BRISTOL - With frigid temperatures here for the foreseeable future, city officials expect a recent wave of water main breaks in Bristol to finally come to a halt.
“You generally get them when the ground is moving,” said Rob Longo, superintendent of the Bristol Water Department. “I wouldn’t expect to see any more unless we get weather in the 60s and we’re wearing shorts. You probably won’t see another one until March, but that doesn’t mean it won’t happen.”
In December alone, there were six reported water main breaks in Bristol. Longo said that number is most definitely abnormal given the time of year. When the temperatures drop and ground starts to freeze there’s less movement. This generally prevents such a thing as water main breaks from happening.
The recent surge of breaks has left the water department somewhat baffled as to what may have caused them.
“There was no pattern as to where they occurred,” Longo said.
The six breaks were reported in the area of Pleasant View Avenue, Constance Lane and Sycamore, South, Wolcott and Divinity streets.
“Other towns had similar issues,” Longo continued, adding that a reported earthquake in the greater New Britain area in December could have been one factor that contributed to the increase.
With frigid temperatures not expected to leave anytime soon, it’s anticipated that main breaks will not be a major issue during the winter months. Extreme cold weather becomes a problem for water mains when the ground gets so cold that the main could freeze. But Longo said water mains in Bristol are between four and a half to five feet underground, so it would “take weeks” of temperatures in the teens or below for an issue to arise.
The bigger problem facing residents is protecting water meters and pipes in their homes from freezing, Longo advised. The forecast for the Bristol area expects temperatures to rise into the upper 20s until they drop to single digits on Friday and Saturday. This kind of weather makes frozen pipes a very real possibility.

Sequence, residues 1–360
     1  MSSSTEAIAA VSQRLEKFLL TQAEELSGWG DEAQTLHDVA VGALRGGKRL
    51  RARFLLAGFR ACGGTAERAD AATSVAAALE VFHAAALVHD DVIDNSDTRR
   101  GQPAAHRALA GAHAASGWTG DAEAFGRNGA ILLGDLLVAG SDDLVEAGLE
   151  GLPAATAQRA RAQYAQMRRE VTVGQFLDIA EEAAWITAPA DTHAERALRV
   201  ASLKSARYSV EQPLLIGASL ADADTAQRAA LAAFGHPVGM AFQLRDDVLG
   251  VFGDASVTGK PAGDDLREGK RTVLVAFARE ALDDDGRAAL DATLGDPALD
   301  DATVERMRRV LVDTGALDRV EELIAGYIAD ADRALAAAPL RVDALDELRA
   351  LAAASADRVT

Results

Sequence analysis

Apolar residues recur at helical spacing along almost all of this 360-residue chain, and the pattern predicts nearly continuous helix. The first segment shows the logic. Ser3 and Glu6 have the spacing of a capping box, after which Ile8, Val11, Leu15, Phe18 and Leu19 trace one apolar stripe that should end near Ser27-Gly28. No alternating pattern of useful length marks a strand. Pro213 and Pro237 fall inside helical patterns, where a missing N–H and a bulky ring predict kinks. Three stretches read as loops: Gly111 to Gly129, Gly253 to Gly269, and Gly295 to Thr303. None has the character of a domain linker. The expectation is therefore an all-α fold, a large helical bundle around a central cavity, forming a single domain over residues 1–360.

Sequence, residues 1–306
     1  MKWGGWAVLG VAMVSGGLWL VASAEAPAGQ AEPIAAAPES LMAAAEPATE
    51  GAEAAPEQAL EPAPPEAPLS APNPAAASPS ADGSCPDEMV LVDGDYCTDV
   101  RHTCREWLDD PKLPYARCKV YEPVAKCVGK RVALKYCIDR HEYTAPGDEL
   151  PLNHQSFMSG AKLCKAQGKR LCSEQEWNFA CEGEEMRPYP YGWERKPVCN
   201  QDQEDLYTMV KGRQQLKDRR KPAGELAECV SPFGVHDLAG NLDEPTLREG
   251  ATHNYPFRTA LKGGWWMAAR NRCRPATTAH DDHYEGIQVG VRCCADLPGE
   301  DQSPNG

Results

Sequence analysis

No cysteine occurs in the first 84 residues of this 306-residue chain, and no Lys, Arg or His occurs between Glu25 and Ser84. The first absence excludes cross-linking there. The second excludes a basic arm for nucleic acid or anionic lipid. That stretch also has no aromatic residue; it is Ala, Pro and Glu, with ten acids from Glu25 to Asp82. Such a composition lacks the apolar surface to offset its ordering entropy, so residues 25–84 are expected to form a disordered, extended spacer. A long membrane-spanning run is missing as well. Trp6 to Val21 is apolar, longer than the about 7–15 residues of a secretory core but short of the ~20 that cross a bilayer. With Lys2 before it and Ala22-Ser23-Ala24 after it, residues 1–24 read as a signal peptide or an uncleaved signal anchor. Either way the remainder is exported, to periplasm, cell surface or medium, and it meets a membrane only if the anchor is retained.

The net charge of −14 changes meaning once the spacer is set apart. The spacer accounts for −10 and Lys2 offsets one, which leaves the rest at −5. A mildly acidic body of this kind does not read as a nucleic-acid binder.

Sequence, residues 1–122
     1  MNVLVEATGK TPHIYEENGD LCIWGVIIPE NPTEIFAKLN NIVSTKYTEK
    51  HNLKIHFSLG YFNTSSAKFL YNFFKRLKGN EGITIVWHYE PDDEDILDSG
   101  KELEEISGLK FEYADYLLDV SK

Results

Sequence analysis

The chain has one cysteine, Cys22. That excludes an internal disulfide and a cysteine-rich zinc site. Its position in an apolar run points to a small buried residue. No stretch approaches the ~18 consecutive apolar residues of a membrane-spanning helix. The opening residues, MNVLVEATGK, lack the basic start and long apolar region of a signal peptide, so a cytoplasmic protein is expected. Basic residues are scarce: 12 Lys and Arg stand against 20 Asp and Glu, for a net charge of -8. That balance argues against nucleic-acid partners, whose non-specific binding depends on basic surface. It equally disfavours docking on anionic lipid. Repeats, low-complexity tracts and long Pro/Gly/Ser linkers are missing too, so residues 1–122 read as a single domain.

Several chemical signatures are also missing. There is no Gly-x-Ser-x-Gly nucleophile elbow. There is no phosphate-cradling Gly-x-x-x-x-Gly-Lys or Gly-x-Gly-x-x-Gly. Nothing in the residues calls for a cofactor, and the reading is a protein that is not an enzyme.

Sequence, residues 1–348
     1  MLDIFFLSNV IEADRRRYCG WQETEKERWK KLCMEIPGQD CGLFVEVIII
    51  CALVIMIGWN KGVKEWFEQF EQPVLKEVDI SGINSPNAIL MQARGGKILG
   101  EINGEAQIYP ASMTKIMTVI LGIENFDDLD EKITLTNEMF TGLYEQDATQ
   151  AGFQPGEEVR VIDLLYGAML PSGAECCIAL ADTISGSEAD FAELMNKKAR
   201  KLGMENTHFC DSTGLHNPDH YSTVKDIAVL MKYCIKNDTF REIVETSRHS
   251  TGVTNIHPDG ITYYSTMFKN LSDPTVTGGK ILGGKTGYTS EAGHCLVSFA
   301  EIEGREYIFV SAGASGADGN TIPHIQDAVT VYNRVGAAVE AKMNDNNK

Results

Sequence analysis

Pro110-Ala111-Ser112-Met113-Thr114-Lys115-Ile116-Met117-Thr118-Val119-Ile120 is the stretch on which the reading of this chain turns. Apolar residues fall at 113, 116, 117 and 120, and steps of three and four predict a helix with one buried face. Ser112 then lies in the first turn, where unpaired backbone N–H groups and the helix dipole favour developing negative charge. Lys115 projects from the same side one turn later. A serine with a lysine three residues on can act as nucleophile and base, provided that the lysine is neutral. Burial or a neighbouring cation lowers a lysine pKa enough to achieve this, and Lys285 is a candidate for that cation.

Just last week, a pipe burst in a vacant home on Hill Street and the second floor flooded. Longo said there have been numerous other residents who have called about frozen pipes since a cold spell hit the area last week.
The best way to protect water meters and pipes is to make sure the area where they enter the home - typically in a basement or crawl space - is properly insulated and safe from drafts. Residents who aren’t quite sure where this is in their home can call the water department at 860-582-7431 and ask for assistance over the phone.
Once a pipe freezes, residents will generally find out when trying to run a faucet. Longo said using a space heater is one very simple, yet effective way to thaw a frozen pipe. But when doing this, he advises, the pipe should be tended to frequently in the event that the water that froze expanded so much that it damaged the pipe. The thawing process could lead to an uncontrollable stream of water pouring out if this happens.
Customers thawing their own pipes should always be aware of where they can shut their water off, Longo said. Those who don’t feel comfortable thawing a pipe themselves should contact a private plumber, as the water department does not assist with frozen pipes.
“The key is prevention,” Longo said. “The biggest thing is to be vigilant.”
Justin Muszynski can be reached at 860-973-1809 or email@example.com.